> You can write your own handler that will simply be passed the apache 
> request object and you can do whatever  your heart desires with it.
>> So if I need a centralized web application, I need to import a shared 
>> module that helps me to start and finish to handle the process 
>> (example:  pre - collect the important informations, make global 
>> variables, open the db connections, open the session datas; post - 
>> save the session if need, close the db connection, drop the content 
>> if we have redirection, etc.). I thinking good ?
> Sure, you can do whatever your heart desires in your handler.
>> 1.)
>> But I need to protect some area in the htdocs (restricted area). How 
>> to I force it ? (auth module ?). I need to define to every dir I used 
>> (httpd.conf) ?
> There's an example of writing an auth handler in the documentation.  
> The publisher handler makes it super simple, simply defining a 
> __auth__ object in the module, either a list, dict or function, you 
> can authenticate a user using Basic HTTP Auth mechanism.  You can also 
> define an __auth__ method within your method.  There is also a 
> separate __access__ object that can restrict authenticated users do 
> certain functions.
> I personally let Apache do the authorization, then use __access__ to 
> restrict access.  Your milage may vary.
>> 2.)
>> In Zope the header/footer objects used for handle the pre/post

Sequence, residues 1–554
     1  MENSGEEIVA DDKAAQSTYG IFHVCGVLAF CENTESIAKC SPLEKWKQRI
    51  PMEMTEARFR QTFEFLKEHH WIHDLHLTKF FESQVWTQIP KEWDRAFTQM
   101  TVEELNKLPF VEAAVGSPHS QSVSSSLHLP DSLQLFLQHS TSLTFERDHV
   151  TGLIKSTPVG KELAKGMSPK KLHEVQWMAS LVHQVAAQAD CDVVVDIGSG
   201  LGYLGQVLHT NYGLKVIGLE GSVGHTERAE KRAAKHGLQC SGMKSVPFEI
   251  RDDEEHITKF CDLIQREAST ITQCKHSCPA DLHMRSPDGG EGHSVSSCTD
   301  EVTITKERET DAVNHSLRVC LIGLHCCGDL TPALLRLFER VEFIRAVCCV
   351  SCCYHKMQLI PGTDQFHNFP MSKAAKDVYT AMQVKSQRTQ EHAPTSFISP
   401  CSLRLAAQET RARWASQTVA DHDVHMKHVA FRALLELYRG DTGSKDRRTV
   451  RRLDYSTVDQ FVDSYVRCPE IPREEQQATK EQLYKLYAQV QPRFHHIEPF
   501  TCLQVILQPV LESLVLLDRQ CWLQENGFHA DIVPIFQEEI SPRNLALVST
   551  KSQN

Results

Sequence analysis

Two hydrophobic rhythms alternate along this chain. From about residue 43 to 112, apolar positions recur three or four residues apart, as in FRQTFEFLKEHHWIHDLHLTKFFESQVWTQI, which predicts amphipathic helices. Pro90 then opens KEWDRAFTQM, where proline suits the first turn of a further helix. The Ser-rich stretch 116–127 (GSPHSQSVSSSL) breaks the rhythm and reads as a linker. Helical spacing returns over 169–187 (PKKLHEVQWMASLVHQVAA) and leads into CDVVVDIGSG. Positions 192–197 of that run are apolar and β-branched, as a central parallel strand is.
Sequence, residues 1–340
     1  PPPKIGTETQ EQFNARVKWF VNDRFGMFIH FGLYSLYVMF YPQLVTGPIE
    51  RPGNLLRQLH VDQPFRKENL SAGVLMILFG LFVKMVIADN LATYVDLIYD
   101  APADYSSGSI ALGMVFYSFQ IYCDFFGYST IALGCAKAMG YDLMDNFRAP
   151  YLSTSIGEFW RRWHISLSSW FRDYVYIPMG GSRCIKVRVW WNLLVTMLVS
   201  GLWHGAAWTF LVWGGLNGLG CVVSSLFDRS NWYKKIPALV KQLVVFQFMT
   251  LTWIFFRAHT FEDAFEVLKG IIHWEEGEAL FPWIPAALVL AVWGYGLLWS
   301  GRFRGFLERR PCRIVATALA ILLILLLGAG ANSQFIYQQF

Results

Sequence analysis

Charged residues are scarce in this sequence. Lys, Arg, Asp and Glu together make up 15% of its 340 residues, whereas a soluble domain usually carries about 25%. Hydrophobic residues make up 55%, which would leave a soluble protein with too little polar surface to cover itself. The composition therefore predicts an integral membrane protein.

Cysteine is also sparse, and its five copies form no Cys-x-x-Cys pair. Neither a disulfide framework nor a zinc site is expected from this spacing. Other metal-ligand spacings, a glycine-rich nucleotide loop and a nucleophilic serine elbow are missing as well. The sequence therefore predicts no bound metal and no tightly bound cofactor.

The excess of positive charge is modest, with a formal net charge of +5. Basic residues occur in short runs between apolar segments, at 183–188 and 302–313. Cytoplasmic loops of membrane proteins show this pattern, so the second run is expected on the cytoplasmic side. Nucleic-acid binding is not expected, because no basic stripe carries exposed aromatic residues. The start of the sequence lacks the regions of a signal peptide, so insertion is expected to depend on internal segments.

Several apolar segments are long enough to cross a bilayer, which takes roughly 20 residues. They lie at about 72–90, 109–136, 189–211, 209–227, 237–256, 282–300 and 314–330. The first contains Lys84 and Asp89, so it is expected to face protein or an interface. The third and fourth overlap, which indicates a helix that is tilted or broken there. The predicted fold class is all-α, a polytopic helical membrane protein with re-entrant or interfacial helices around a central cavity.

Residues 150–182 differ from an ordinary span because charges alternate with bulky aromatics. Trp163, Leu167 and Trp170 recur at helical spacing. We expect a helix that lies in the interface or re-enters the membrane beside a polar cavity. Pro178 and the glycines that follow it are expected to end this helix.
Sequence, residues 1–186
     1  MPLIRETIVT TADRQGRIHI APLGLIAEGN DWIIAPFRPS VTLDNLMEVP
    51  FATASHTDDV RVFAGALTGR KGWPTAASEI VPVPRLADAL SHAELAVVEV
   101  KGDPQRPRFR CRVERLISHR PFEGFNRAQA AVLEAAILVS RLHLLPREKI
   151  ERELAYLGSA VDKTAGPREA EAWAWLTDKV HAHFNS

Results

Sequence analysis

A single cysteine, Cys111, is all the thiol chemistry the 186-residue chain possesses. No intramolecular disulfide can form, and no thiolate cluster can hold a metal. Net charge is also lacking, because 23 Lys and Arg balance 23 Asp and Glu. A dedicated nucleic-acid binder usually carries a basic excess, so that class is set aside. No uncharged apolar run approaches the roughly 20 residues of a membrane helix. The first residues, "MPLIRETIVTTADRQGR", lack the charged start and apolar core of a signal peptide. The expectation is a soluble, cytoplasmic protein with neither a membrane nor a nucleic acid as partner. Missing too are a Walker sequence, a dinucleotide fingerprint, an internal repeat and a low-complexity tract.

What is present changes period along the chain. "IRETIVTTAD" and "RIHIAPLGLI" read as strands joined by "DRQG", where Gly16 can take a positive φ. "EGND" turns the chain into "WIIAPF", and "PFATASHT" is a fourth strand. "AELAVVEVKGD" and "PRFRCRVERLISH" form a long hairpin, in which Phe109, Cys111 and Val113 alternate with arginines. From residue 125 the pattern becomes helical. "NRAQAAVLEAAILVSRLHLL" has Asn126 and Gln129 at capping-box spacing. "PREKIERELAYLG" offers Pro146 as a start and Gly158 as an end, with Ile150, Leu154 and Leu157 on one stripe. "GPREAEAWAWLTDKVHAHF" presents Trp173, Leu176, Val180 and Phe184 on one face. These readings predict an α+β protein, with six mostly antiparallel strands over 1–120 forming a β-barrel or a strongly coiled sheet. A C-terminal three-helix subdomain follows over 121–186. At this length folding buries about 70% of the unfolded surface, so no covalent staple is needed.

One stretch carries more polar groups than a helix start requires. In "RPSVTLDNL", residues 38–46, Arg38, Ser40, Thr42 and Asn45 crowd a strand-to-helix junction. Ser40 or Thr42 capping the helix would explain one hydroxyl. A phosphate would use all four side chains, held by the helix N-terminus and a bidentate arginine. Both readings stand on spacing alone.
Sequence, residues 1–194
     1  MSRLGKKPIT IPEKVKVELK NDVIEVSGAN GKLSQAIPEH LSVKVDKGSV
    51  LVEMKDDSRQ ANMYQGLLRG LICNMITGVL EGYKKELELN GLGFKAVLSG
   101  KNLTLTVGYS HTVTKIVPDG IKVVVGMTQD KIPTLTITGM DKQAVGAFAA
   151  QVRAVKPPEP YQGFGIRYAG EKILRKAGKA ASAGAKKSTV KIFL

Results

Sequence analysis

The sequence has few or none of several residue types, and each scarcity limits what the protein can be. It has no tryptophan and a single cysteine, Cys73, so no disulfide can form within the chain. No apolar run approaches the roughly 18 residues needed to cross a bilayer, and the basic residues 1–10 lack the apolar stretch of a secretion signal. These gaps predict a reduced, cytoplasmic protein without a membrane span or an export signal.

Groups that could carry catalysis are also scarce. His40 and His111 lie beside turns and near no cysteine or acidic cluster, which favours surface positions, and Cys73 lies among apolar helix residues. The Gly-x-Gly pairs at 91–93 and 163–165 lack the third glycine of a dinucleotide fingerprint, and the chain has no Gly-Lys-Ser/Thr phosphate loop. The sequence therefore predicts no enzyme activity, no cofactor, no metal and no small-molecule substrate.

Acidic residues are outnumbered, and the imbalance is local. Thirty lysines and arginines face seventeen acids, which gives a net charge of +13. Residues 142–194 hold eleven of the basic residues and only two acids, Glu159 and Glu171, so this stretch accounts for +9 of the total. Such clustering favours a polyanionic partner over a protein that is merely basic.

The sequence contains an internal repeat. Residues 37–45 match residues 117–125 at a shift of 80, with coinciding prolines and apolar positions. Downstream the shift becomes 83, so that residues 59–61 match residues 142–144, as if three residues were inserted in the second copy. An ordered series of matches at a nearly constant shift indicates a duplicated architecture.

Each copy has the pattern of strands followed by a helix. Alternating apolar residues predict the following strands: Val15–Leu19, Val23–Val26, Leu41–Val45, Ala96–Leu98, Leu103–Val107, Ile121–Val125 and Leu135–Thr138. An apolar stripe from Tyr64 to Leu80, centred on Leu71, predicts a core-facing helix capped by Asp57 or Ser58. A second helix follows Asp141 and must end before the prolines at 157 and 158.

>> actions, and the zpts/scripts used for make the content of the page.
>> Is better to I use psp-s that call pre/post scripts, or is better if 
>> I use py scripts, and they are get psp-s I need ?
> I'm not qualified to judge your architecture.  I don't use PSP, I 
> found it a bit cumbersome, I do all my processing in the handler, 
> build my own sort of "mini DOM" objects that can render themselves.  
> Your way should work, whether there's a better design is a matter of 
> taste.
>> 3.)
>> How to avoid to user type any .py to browser's address textbox, and 
>> get same result that handler present ?
>> Example: I use main.py for handle requests. The address is: 
>> www.foo.hu/main.py.
>> The user can type www.foo.hu/sux.py, and get same result !
> It's up to the handler.  Using Apache's "AddHandler somehandler .py" 
> to add a handler for python scripts will not serve a non-existent 
> file, you will get a 404.  The publisher handler will not server 
> content to a URL you have not defined in your code, you will get a 
> 404.  If you write your own handler you can do whatever your heart 
> desires.
>> 4.)
>> How to prevent the .py extension showing in the browser ?
>> To I see (can type):
>> www.foo.hu/
>> or
>> www.foo.hu/index
>> not
>> www.foo.hu/index.py.
>> I want to protect my site - if anyone see it, he/she don't know, what 
>> engine I used.
> Please see the answer to #3.
>> Thanks for your answers:
>> dd
> I'm still learning the intricacies of mod_python myself, but 
> everything I've told you is very well documented.  Try reading through 
> the docs, I had to go through them a few times before the puzzle 
> pieces started falling into place.  It helps to have a passing 
> understanding of the Apache API and the Apache request objects.
> Hope that helped,
> e.